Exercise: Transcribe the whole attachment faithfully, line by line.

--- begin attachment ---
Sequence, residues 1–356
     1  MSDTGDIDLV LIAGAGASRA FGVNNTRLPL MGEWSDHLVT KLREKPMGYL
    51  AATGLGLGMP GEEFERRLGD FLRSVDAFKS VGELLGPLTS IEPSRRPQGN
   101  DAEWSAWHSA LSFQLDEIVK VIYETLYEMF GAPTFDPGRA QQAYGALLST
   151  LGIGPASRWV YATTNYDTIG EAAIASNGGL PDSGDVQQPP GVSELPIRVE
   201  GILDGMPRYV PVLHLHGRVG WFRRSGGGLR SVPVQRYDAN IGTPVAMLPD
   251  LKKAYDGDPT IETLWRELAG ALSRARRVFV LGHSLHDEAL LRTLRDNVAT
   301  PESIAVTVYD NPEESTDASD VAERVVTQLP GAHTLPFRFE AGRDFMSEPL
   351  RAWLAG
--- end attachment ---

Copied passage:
Sequence, residues 1–356
     1  MSDTGDIDLV LIAGAGASRA FGVNNTRLPL MGEWSDHLVT KLREKPMGYL
    51  AATGLGLGMP GEEFERRLGD FLRSVDAFKS VGELLGPLTS IEPSRRPQGN
   101  DAEWSAWHSA LSFQLDEIVK VIYETLYEMF GAPTFDPGRA QQAYGALLST
   151  LGIGPASRWV YATTNYDTIG EAAIASNGGL PDSGDVQQPP GVSELPIRVE
   201  GILDGMPRYV PVLHLHGRVG WFRRSGGGLR SVPVQRYDAN IGTPVAMLPD
   251  LKKAYDGDPT IETLWRELAG ALSRARRVFV LGHSLHDEAL LRTLRDNVAT
   301  PESIAVTVYD NPEESTDASD VAERVVTQLP GAHTLPFRFE AGRDFMSEPL
   351  RAWLAG